Four Main Varieties of Loose Tea

by Elena Popec 10. June 2010 10:11

There are thousands of varieties of tea throughout the world, and even among these the tea can be processed in a unique and different way. India’s Assam region harvests the most tea, and second in total world production is Sri Lanka. Among the varieties of tea are oolongs, assam, darjeeling, silver needle, wuyi, gyokuro, sencha, dragon well, white peony, and ceylon. There are thousands of types of teas, and the choices can be overwhelming. Most of these different types fall under four main types. These four main ones are ones which you are probably familiar with if you are a regular tea drinker: green, black, oolong, and white teas.

Do the Different Types of Teas Come from Different Plants?
   
There is only one type of plant that tea comes from, which may surprise someone who is new to the world of tea. All tea comes from the Camellia sinesis plant. There are some teas, called tisanes, which don’t come from Camellia sinesis. These include chamomile and herbal teas. But a newcomer might wonder how the single plant produces so many different types of teas.

If Teas All Come from the Same Plant, What Makes Them Different?
   
Anything can change the outcome of a tea. And there is a lot that affects the Camellia sinesis plant. Changes in the weather or different altitudes can impact how a tea turns out. Different parts of the world have different climates and different compounds of soil. These account for very varied types of teas that exist in the world today. A look at the four main types of tea:

Green Tea
   
Green tea is pretty well known these days and it offers many health benefits. It’s harvested in the spring, and after harvesting the oxidation process is stopped. Green tea is fermented a little longer. Some types are grown in the shade, and some are grown in sunshine. It’s a common variety of tea and can be found in most grocery stores, but there are certain types of this tea which are incredibly expensive. Some types of green tea can cost hundreds for a few ounces.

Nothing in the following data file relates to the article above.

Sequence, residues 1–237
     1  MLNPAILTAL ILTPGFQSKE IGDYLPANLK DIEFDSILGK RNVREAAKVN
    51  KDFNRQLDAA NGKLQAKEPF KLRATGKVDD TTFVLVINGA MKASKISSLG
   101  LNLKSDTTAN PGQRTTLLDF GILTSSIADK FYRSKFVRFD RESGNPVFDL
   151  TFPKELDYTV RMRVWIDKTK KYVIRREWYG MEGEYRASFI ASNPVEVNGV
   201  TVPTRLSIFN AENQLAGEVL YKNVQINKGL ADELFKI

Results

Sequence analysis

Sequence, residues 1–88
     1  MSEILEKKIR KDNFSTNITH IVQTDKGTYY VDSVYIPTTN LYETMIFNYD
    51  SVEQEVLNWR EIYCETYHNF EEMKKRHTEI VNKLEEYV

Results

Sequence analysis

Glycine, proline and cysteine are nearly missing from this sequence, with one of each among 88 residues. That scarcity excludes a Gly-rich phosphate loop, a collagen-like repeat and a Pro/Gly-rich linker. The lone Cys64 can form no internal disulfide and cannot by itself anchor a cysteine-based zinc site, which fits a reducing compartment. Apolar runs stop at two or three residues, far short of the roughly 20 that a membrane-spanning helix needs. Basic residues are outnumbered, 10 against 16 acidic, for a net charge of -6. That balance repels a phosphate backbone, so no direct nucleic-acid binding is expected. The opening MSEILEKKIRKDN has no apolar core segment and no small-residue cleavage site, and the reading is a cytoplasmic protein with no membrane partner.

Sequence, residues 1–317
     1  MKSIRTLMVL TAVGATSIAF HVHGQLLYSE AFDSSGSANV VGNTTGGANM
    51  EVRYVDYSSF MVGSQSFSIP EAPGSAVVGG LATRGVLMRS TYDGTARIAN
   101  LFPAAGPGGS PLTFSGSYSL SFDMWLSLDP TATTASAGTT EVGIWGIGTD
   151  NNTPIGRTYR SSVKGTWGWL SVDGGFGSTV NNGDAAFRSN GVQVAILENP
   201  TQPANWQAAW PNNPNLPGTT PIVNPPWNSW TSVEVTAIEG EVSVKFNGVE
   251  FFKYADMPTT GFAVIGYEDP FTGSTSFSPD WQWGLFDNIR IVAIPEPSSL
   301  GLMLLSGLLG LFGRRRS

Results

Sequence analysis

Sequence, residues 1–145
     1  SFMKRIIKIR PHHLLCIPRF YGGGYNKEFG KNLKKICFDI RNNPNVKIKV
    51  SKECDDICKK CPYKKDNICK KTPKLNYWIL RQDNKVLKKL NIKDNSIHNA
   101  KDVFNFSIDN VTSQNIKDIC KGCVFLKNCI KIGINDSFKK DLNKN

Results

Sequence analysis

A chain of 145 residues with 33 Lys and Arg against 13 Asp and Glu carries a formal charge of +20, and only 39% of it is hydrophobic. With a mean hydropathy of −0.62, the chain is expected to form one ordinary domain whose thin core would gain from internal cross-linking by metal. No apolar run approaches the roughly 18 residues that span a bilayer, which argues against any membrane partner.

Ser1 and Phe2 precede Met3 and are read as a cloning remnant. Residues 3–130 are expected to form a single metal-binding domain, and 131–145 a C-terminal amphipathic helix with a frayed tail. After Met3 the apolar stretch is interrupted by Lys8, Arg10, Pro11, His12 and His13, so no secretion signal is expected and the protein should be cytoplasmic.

Black Tea
   
Black tea is oxidized more than the other three types of teas. The leaves are left to dry until they turn dark. It is also known to have health benefits as the other types. Black tea has much more caffeine than the other types of tea, and is consumed more world wide than the other types of tea.

Oolong Tea
   
Oolong, also called wu long, has a longer oxidation process, like black tea. Oolong tea varies in taste, but can have a woody or flowery flavor. Oolong is similar to green and black teas, and is a cross between the two.

White Tea
   
White tea is harvested in the spring, like green tea. It’s sweet in taste and has a delicious aroma. It is the least fermented type of tea and goes through a very simple process. It’s simply left out to be dried by the sun or in a room with specially controlled climate. It has health benefits that include its ability to fight cancer and fight off organisms that cause disease.